Muscat: Oman’s Islamic banks have achieved robust growth in finance, which crossed OMR1.6 billion by the end of November 2015.
The Islamic banks and window operations achieved a 65.49 per cent growth in finance, which touched OMR1,644.5 million by end-November 2015, against OMR993.7 million for the same period last year.
“Islamic banks grew very well last year, and the trend is continuing this year as well,” Ali Hamdan Al Raisi, vice president, Central Bank of Oman, told the Times of Oman.
He said there is still space for Islamic banks to grow further, although there are challenges ahead.
“Islamic banks are becoming more solid, compliance and risk management is getting better. Some of these banks are in operation for (almost) three years,” added Al Raisi, on the sidelines of an international seminar on risk management and compliance in Islamic financial institutions last week.
Al Raisi said some of the banks showed a robust 100 per cent growth in their finance last year. “We will not expect a 100 per cent growth (this year), but growth will continue.”
Referring to certain regulatory relaxations given to Islamic banks for investing their excess funds in overseas markets, the CBO official said, “We are not going to relax these for a long period. We will assess the experience, see the conditions and if there is a need to extend these limits, we will review at that time.”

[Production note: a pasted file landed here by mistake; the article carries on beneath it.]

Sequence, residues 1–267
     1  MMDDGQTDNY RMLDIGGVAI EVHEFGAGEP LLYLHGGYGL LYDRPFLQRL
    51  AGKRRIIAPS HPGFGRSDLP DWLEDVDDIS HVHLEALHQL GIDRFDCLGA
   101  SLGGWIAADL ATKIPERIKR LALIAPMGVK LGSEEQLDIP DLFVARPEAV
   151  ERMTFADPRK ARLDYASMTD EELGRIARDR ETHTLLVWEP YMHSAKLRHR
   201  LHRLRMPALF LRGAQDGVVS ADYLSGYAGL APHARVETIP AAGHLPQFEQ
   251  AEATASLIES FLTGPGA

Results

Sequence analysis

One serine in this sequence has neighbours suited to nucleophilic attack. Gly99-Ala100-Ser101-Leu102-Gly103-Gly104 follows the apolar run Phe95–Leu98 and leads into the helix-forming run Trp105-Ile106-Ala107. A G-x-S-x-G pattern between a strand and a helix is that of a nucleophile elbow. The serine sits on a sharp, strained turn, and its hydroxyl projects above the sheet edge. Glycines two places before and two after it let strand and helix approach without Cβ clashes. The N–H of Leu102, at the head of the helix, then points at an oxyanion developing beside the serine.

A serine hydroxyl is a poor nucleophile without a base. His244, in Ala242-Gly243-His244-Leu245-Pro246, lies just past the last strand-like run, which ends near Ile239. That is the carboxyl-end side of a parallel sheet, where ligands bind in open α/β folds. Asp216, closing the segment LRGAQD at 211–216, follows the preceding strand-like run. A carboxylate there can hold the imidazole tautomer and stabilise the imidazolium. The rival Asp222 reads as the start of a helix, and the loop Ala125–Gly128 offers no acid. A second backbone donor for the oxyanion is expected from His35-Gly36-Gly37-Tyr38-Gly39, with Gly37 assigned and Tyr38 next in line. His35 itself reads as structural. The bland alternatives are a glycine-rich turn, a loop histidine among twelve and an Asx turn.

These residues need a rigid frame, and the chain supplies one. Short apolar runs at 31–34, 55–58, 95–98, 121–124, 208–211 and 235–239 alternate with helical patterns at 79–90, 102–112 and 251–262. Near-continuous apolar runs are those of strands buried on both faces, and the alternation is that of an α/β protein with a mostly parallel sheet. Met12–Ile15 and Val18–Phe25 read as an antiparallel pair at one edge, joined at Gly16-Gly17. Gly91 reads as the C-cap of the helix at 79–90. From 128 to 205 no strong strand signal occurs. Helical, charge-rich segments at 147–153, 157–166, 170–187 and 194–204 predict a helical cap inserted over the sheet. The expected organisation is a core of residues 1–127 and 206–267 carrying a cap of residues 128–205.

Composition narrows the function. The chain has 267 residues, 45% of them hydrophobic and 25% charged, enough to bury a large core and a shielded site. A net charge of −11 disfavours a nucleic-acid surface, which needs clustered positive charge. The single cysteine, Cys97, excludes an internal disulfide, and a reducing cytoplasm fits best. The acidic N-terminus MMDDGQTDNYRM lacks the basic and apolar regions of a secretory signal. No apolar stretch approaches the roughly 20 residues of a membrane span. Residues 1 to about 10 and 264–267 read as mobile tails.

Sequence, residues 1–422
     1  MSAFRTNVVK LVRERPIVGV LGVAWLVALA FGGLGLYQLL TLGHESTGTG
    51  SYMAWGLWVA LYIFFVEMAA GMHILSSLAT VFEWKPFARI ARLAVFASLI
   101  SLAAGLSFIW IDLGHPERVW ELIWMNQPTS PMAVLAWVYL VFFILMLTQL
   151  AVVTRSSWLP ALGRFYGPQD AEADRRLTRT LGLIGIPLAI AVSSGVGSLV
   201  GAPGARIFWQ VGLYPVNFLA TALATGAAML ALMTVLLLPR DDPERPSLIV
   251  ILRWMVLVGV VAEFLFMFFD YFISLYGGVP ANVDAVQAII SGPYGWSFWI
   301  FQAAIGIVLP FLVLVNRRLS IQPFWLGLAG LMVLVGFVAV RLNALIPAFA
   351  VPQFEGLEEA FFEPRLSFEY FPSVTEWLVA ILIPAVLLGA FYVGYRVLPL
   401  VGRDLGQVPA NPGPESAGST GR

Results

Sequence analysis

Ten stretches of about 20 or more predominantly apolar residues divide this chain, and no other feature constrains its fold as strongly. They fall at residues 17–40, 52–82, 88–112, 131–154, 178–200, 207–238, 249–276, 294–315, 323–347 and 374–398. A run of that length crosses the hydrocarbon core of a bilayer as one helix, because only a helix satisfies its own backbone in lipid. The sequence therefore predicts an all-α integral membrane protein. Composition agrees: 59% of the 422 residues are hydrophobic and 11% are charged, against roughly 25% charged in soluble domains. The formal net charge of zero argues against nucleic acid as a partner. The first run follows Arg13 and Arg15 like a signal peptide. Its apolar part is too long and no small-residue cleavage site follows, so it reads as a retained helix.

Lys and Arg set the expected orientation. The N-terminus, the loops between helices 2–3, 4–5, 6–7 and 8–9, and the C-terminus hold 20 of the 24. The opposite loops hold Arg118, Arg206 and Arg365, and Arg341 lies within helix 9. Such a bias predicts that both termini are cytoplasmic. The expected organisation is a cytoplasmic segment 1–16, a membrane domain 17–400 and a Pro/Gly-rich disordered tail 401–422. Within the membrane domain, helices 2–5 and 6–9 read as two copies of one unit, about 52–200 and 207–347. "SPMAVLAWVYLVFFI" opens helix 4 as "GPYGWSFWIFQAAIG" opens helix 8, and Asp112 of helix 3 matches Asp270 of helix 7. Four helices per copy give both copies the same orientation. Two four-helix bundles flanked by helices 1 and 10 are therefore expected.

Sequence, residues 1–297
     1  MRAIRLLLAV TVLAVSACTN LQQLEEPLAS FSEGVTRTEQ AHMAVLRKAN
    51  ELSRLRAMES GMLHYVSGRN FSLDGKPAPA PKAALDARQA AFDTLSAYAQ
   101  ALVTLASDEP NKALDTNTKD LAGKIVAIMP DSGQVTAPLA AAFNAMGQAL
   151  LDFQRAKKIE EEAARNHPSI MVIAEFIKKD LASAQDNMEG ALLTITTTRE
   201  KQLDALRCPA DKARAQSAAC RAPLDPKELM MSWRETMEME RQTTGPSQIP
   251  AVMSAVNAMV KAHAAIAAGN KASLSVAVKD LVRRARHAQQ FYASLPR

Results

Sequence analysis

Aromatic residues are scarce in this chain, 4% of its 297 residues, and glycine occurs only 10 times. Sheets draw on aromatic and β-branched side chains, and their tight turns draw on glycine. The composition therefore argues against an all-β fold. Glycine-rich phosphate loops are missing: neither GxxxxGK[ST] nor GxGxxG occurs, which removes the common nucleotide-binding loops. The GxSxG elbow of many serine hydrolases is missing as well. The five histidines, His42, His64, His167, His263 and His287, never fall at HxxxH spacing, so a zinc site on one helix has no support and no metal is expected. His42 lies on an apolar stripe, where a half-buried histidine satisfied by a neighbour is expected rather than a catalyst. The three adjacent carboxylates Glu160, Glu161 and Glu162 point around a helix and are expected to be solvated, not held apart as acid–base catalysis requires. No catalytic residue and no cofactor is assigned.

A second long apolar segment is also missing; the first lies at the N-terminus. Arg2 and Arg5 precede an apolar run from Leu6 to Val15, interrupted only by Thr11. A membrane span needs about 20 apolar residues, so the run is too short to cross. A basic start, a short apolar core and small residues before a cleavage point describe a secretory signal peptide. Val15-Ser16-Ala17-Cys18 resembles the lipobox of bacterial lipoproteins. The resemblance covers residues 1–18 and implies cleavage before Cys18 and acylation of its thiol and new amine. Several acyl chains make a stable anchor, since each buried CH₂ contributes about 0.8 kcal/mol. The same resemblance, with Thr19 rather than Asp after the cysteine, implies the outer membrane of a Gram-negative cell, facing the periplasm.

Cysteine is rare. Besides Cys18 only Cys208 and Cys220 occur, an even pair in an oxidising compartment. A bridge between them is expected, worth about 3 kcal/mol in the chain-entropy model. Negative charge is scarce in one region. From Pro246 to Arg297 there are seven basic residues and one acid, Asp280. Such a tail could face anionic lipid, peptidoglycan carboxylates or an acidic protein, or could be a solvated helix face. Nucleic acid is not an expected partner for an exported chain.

He also said there are different limits and some have been relaxed until the end of this year, while some others will stay relaxed until March. “So, we will review these limitations when that time comes.”
Total customer deposits held by Islamic institutions also shot up by 196 per cent to OMR1,454 million by end-November 2015, from OMR491.2 million for the same period last year, according to the latest monthly bulletin released by the Central Bank of Oman.
Such robust growth in Islamic institutions indicates that Sharia-compliant banks have been able to establish themselves in the market and are able to overcome teething problems.
Two Islamic banks and the window operations of conventional banks have launched innovative products to attract Omani customers, besides opening several branches in different parts of the country.
There has been a considerable increase in the number of branches and assets held by these entities, ever since these banks started operations two years earlier. Islamic banks are opening up new segments and players and thus adding to the competitive environment, not only in terms of efficiency and innovation, but also by providing consumers the benefit of choice between both conventional and Islamic banking products.
An important focus area for Islamic banks now is small and medium enterprises. Sharia-compliant institutions are also focussing on creating awareness about Islamic products among potential customers.
In Oman, two Islamic banks—Bank Nizwa and the Alizz Islamic bank—and window operations of six conventional banks have scores of branches across the country.
The total assets of Islamic banks and windows were pegged at OMR2,174.1 million at the end of November 2015, reflecting an increase of 67.13 per cent over the same period of previous year.